Taylor: And now we have both tools and processes, capacities for worldwide collaboration that we did have in place just a few years ago. Even ten years ago the conversations we are having right now would not have made any sense, and in ten years, it will be too late. So the timing seems perfect for this kind of work that we talk about even though for many people it may still seem completely impossible, implausible, illogical, or difficult to achieve. Change happens at the edges, not the center and we believe we are creating a container for all to come and play, if not this year, then in the years to come.

Ovchinnikov: What is your initiative about? What are the key elements of your design?

Haupt: We use games to come up with a way of tackling what is a very challenging situation in a fun, playful, and engaging manner. We want to help people imagine a future we all know we want to be in and then play together in that future. We call it, "creating a new operating system for humanity."

Our design idea brings together the characteristics of the Infinite Game, by Carse. Annual events called DesignShops will bring together hundreds of participants to coordinate and evolve a game or several games using the collective intelligence of a diverse group. Gail has a strong track record in designing and hosting such processes. As new tools and processes such as complementary currencies and blockchain develop, they will be incorporated into the game. In this way technology will be used to support and scale the new operating system.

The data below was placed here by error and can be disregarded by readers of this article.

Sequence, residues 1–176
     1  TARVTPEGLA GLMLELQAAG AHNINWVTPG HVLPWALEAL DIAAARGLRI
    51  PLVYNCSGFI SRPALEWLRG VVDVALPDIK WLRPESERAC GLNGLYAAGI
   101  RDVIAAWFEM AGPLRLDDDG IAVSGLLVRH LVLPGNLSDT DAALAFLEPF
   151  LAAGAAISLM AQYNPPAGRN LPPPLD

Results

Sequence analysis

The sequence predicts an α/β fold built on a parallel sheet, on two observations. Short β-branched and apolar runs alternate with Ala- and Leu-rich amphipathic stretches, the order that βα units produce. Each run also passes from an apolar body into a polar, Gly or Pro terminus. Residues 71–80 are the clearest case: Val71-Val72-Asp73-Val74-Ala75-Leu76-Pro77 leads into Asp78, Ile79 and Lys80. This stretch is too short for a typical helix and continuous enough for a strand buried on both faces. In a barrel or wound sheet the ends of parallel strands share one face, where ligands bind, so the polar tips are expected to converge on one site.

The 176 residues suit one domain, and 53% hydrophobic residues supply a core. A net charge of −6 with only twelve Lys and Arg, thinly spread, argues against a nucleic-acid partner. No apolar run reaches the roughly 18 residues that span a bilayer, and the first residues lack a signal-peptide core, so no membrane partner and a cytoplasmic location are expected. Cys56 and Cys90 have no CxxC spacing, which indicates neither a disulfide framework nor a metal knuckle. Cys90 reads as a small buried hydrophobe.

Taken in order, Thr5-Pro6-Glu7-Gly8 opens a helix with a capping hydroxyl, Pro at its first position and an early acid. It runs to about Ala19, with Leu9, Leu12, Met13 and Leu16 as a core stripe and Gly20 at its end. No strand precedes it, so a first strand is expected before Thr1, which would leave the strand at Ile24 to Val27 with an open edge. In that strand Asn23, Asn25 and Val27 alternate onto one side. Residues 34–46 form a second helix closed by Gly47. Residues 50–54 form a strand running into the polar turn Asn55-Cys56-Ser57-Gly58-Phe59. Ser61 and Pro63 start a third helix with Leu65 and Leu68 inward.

Taylor: Design Shops are not about finding answers or solving all the problems in a five-day process — it is about building a DNA that will make a new operating system unfold in ways we do not know yet. We want participants to walk out of a design session with a game or games and different ways to go forward rather than the ultimate solution. The transition will not be immediate but will take years of unfolding, getting richer and richer with understanding and mind shift.